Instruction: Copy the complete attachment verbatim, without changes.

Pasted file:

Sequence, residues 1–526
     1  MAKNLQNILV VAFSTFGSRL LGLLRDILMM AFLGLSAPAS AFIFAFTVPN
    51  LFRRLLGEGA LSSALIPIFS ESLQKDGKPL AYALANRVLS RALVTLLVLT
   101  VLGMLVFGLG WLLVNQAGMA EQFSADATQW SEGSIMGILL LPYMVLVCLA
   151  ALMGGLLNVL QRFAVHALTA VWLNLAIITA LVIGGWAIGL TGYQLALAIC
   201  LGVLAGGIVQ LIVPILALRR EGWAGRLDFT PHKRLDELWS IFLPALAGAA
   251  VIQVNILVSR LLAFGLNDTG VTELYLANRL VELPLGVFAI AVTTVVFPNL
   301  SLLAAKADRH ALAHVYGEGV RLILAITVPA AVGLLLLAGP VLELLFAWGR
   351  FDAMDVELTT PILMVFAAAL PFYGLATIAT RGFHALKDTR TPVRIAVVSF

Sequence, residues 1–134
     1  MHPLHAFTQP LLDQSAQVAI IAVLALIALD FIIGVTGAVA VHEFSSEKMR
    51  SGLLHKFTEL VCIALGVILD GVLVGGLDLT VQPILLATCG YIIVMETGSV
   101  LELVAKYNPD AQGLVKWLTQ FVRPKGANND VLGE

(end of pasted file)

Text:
Sequence, residues 1–526
     1  MAKNLQNILV VAFSTFGSRL LGLLRDILMM AFLGLSAPAS AFIFAFTVPN
    51  LFRRLLGEGA LSSALIPIFS ESLQKDGKPL AYALANRVLS RALVTLLVLT
   101  VLGMLVFGLG WLLVNQAGMA EQFSADATQW SEGSIMGILL LPYMVLVCLA
   151  ALMGGLLNVL QRFAVHALTA VWLNLAIITA LVIGGWAIGL TGYQLALAIC
   201  LGVLAGGIVQ LIVPILALRR EGWAGRLDFT PHKRLDELWS IFLPALAGAA
   251  VIQVNILVSR LLAFGLNDTG VTELYLANRL VELPLGVFAI AVTTVVFPNL
   301  SLLAAKADRH ALAHVYGEGV RLILAITVPA AVGLLLLAGP VLELLFAWGR
   351  FDAMDVELTT PILMVFAAAL PFYGLATIAT RGFHALKDTR TPVRIAVVSF

Sequence, residues 1–134
     1  MHPLHAFTQP LLDQSAQVAI IAVLALIALD FIIGVTGAVA VHEFSSEKMR
    51  SGLLHKFTEL VCIALGVILD GVLVGGLDLT VQPILLATCG YIIVMETGSV
   101  LELVAKYNPD AQGLVKWLTQ FVRPKGANND VLGE